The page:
There is some speculation that Jamaican men could win gold, silver and bronze in the Olympics. There is no doubt that we have the talent to do this – if you look at the number of times athletes have run below 9.85 seconds you will see that Jamaican athletes dominate, and the trio of Bolt, Blake, and Powell lead the field. (I also think it will take a sub-9.8o time to win, though London may be a tough environment for anyone to run these times.)
The question is therefore not whether we have the talent, but whether we are ready to perform in London. Leaving fitness aside, there are some factors for us to consider.
The first is what my old man used to say, “If you eat your money and fart, don’t expect any change.” I never understood half of the things my old man said because he was often smoking weed when he said it, but this one I understood.
We, as Jamaicans, have a tendency to waste what we have (eat our money) and still expect to have things left over (fart and expect change). This problem has dogged Jamaican athletes and musicians for years. They will hit upon success, spend all their money on the latest model cars, girls, clothes, houses, etc, help maintain all their 50 close followers (or ‘hangers-on’ as we call them), party ’till them drop every night, ‘splurt’ like crazy, etc, and then look surprised when they find that they have nothing left.
As Jamaicans we all know that the most chronic problem of our athletes and performers is mental discipline. Few of our ‘stars’ seem to be able to see success as a start and not as an end; few see fame as an opportunity that requires them to continue working hard, training hard, and staying focused on excelling. This has dogged our Reggae Boyz footballers for years – the sense of being too important to listen to anyone, too important to focus on getting the job done, too important to be disciplined by a manager.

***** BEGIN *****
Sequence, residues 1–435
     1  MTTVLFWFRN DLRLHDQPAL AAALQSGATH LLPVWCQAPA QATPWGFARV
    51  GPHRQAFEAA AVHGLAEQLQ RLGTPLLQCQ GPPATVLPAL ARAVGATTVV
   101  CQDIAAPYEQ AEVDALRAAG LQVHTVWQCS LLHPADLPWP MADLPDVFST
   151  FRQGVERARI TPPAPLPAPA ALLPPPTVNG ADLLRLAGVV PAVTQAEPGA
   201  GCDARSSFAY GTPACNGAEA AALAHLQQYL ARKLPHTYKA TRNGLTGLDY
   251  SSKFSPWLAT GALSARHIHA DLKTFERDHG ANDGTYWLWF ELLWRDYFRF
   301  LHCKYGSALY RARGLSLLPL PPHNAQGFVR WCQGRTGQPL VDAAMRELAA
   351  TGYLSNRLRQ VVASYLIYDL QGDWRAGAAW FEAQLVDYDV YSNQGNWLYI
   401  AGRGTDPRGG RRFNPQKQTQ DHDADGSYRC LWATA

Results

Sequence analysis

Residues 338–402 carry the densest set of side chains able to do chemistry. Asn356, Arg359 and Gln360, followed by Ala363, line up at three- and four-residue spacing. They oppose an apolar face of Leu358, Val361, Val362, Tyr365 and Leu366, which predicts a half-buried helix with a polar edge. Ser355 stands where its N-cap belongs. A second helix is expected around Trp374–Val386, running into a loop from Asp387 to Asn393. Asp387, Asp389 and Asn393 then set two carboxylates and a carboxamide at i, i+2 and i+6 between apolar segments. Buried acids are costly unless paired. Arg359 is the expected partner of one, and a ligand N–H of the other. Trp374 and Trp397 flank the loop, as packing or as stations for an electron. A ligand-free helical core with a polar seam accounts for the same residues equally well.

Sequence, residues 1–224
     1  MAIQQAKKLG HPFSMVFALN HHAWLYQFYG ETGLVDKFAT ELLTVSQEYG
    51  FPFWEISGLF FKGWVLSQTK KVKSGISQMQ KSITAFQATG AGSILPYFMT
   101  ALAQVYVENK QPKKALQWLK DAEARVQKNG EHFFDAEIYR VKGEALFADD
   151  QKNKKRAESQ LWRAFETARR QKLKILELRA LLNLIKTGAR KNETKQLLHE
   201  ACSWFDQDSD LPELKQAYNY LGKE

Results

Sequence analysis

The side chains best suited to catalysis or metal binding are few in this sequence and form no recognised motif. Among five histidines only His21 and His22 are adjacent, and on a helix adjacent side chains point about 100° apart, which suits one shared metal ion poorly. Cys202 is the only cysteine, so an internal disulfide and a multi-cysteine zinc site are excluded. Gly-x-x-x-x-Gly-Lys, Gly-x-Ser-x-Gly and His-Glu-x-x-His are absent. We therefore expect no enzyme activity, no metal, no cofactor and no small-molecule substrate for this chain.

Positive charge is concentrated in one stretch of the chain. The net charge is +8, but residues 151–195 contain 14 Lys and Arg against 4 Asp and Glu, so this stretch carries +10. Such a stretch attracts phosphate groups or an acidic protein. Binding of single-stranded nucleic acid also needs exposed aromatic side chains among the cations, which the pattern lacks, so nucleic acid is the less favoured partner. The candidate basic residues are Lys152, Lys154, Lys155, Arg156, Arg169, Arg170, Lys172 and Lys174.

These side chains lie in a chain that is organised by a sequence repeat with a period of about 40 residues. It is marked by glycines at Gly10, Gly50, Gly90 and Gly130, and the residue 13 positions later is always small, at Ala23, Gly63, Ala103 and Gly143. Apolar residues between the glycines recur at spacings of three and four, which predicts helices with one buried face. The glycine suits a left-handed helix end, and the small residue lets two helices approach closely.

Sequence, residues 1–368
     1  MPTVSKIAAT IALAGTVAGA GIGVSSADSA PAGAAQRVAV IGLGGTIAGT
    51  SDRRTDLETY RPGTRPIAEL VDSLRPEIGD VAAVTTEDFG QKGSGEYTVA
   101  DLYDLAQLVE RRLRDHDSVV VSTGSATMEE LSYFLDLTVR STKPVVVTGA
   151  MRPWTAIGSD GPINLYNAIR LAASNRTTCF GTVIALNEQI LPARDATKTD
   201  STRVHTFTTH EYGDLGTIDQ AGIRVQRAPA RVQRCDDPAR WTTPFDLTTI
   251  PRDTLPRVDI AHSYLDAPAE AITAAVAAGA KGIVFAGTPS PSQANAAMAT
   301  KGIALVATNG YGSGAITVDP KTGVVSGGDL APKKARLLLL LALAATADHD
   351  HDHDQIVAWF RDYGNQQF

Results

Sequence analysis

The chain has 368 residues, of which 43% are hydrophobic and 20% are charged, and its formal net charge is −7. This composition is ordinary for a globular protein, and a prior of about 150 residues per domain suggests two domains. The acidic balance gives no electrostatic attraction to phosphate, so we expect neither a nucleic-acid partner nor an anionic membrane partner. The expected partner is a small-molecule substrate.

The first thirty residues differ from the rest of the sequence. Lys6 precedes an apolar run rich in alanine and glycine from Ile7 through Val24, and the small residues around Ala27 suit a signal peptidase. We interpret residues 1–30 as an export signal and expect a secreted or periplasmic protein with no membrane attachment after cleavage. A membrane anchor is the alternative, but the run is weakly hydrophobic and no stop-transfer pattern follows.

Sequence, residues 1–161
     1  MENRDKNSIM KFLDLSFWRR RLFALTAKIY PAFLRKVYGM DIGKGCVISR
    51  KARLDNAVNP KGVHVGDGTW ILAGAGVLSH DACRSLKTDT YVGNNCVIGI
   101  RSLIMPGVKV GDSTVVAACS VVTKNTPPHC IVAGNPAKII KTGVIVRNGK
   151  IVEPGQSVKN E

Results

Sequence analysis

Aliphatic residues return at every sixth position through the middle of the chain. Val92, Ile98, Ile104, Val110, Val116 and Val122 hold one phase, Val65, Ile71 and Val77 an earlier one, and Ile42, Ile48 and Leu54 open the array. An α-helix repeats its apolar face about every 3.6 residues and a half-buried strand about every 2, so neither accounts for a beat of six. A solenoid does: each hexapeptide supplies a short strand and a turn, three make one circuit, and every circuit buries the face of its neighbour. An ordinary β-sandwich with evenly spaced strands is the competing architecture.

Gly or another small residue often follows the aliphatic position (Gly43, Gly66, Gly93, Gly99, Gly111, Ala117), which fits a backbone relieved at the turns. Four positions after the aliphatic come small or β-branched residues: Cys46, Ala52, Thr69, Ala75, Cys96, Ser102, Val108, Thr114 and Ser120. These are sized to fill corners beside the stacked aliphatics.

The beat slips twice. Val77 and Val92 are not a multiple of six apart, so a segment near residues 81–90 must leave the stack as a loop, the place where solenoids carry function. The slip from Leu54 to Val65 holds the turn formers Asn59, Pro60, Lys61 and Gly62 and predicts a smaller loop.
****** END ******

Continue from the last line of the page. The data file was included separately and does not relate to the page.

It is, I think, also for this reason that many Jamaicans are concerned about Usain Bolt in particular. Bolt is a phenomenon, but he is also young, and perhaps doesn’t fully appreciate just how much his success is Jamaica’s success. Brand Jamaica is built on names – Bob Marley, Usain Bolt, Jimmy Cliff, the Bobsled team. For many of us it’s not just that we want a Jamaican to win the Olympics 100m, we want Bolt to win because of the effect on the brand. Bolt winning gives a collective lift to all our identities. Deon Hemmings might have been the first Jamaican woman to win gold at the Olympics, but when we tell people that we are from Jamaica no one asks, “Isn’t that where Deon Hemmings is from?” Sad, but true. This is the reality: Bolt has charisma and appeal, and he has built a brand that helps Jamaica.
Hence Bolt partying, Bolt crashing his BMW, Bolt buying a cheetah, Bolt staying out late at night, Bolt dating a white girl, etc seems to all of us as Bolt eating his money. It bothers us much more than the usual foolishness of the Reggae Boyz, whose momentary and flamboyant flirt with fame fizzled a long time ago.
We want Bolt to win. Plain and simple. And so we want Bolt to remain focused and disciplined, and we want him to train much harder than he parties. Some of us fear that he may be rusty.